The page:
Friday, October 18, 2019

United Methodists to unUnite. . .

According to reports, the 2020 General Conference of the United Methodist Church meeting in  Minneapolis will consider how to structure what is hoped to be an amicable and orderly breakup of the second largest Protestant church in America.  But of course, the breakup is not news since the Methodists have been anything but united when it comes to how to deal with the LBGTQ+ issues.  of what church leaders hope can be an amicable, and orderly, breakup of a worldwide church that is the second largest Protestant denomination in the United States. When the conference earlier this year failed to remove language barring LBGTQ+ from ordination or marriage, it was a pivotal vote that signaled the beginning of the end.  When in February the General Conference gave approval to the so-called Traditional Plan, the progressives refused to live with the decision (which is exactly the position the conservatives would have taken).  That left little in the future but schism.  The only question would be who would act first and whether or not the division would be friendly or rancorous.  In any case, the result of the February conference left a chaotic situation in which people who could not change the vote at the meeting would vote with the money.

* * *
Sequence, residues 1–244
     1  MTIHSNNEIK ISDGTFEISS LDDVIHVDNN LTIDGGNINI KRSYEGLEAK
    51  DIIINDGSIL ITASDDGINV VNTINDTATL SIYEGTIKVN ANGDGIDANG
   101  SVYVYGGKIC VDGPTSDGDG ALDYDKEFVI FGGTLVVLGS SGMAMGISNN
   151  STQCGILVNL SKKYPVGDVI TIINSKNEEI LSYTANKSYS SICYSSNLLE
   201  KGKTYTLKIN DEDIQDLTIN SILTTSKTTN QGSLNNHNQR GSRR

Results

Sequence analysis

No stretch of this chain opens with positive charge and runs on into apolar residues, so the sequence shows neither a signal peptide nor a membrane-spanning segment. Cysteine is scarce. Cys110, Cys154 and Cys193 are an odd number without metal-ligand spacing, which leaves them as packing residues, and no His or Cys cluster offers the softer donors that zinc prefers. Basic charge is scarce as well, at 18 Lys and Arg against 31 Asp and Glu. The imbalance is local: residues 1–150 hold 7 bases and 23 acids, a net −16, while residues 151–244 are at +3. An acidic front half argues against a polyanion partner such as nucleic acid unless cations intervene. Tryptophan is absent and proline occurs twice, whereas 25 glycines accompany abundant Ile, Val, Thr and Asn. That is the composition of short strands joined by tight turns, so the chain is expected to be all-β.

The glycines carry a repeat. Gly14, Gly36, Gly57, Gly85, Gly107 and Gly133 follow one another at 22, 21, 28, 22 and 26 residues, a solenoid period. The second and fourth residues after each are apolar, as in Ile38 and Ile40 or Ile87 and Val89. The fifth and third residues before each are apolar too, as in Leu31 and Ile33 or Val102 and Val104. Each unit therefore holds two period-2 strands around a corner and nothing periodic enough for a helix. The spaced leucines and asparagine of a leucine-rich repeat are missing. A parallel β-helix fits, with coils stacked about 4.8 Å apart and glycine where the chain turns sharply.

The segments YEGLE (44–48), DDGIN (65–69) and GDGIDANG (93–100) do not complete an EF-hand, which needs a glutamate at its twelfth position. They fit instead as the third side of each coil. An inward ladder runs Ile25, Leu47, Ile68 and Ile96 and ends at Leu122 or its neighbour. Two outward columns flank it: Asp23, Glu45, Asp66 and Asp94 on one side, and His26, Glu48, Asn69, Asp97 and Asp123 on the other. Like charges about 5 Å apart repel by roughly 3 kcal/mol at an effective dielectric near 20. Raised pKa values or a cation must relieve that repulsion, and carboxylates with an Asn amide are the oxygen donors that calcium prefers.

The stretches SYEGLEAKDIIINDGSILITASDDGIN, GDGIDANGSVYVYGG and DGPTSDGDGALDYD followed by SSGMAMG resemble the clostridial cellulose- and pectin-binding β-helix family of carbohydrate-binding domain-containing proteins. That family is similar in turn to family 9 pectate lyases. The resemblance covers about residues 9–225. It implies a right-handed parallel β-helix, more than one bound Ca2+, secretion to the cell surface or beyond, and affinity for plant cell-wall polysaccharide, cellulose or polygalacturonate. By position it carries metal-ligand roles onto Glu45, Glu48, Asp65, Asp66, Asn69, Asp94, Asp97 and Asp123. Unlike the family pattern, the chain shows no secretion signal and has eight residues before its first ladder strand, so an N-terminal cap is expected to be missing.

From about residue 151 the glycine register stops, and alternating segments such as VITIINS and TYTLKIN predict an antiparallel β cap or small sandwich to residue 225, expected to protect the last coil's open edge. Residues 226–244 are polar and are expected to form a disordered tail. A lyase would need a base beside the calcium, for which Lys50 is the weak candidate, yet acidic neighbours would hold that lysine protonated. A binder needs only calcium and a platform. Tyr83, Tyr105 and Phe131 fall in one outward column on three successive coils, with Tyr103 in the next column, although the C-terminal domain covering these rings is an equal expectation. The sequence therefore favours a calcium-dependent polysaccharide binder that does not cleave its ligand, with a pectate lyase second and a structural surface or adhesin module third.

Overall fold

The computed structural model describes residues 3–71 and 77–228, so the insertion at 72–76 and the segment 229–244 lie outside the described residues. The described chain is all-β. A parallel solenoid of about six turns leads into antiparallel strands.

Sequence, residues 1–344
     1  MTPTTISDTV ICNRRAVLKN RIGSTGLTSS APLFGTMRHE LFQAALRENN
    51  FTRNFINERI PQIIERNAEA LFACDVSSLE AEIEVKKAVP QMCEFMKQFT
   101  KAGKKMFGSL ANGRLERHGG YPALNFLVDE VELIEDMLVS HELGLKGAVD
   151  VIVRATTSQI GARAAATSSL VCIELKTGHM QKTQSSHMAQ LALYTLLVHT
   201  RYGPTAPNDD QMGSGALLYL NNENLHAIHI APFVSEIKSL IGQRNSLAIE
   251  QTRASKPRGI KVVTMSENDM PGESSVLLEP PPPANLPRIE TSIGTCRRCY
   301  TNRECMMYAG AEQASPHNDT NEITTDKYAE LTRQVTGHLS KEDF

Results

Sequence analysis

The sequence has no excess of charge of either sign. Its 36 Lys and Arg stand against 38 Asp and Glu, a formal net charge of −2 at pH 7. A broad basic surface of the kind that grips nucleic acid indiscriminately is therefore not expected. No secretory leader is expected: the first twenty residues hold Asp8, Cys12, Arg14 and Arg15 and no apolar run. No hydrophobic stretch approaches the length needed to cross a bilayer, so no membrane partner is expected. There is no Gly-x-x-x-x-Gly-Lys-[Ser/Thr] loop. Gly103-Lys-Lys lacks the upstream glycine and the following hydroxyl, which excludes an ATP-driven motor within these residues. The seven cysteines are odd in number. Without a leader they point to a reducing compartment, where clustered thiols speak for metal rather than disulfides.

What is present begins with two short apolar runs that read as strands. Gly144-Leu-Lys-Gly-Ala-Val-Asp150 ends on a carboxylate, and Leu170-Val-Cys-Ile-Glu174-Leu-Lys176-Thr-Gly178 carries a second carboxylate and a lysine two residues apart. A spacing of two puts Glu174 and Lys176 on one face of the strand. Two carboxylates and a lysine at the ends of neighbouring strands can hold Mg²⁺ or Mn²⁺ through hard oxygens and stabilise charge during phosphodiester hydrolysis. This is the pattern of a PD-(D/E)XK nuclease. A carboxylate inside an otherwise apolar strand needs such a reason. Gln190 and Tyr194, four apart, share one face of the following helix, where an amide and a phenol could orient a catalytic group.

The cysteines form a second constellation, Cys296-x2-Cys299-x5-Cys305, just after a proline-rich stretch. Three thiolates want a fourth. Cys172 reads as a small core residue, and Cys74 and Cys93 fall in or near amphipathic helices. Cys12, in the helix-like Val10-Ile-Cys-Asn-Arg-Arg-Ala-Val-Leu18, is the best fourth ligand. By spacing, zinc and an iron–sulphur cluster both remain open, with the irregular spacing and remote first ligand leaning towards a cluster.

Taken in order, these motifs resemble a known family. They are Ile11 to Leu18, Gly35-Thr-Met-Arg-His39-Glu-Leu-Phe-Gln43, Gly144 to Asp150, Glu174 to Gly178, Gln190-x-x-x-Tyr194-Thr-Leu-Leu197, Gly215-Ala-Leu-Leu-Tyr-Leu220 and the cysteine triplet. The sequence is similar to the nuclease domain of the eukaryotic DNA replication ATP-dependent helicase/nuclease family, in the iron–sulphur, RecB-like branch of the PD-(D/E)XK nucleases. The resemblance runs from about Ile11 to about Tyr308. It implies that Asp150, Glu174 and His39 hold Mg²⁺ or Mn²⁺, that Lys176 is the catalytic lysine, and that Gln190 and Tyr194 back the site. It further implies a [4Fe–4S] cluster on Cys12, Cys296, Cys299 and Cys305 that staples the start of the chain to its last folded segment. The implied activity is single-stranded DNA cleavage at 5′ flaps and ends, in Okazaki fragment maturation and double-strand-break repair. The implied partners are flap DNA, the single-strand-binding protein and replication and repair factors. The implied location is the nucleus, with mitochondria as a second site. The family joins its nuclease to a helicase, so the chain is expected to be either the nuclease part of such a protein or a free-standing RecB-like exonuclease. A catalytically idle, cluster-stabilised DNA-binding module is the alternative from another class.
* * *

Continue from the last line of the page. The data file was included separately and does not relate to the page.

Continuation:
It is an interesting end to a history of unity, merger, and reconciliation among Protestants.  The history of Methodism has contributed much toward the liberal goal of reducing the number of denominations by finding ways to forge a unity that would cover the diversity hidden under the surface.  What is most interesting, however, is that the doctrinal cracks were held together rather successfully (though Methodism itself was bleeding off members for decades) -- at least until the sexuality issues forced a choice.  That only goes to show how deep and profound the sexuality issues were dividing American churches.  In the end, those who have embraced the LBGTQ+ agenda have won control of the denomination but a denomination a hollow shell of its former self.  An example is, of course, the Evangelical Lutheran Church in America which has bled off two church bodies and more members than the second largest Lutheran body in America ever had.  In the end, the ELCA was left to insist that it was a significant church, whatever that meant, as a consolation prize for its empty pews and church buildings.  It goes without saying that Methodism will find the same temptation to ignore the declining numbers and insist that it is significant simply because it says so.

Yet you have to wonder what the Lord of the Church thinks as He watches churches relativize their own confession and the Biblical witness in order to fit their truth to the trendy moment.  And it also goes without saying that this is not surely the end of the apostasy and heresy.  Just how far will churches go in their pursuit of perceived relevance?  I fear we have not seen the end of it -- not for Methodists or for Lutherans, for that matter.  And the future does not look promising for a Christianity that has exchanged the Gospel of Christ crucified for a gender of the day and a truth that feels good for the moment.

1 comment:

Archimandrite Gregory said...

Yes, Pastor, it is a scourge to all of us.